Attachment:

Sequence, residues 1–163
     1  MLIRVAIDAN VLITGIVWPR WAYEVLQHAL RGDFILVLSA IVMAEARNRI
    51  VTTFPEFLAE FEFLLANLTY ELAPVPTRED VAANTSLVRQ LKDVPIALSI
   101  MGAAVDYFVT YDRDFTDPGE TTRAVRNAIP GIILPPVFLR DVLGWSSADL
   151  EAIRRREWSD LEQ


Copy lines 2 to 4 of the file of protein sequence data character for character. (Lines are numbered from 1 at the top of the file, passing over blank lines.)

     1  MLIRVAIDAN VLITGIVWPR WAYEVLQHAL RGDFILVLSA IVMAEARNRI
    51  VTTFPEFLAE FEFLLANLTY ELAPVPTRED VAANTSLVRQ LKDVPIALSI
   101  MGAAVDYFVT YDRDFTDPGE TTRAVRNAIP GIILPPVFLR DVLGWSSADL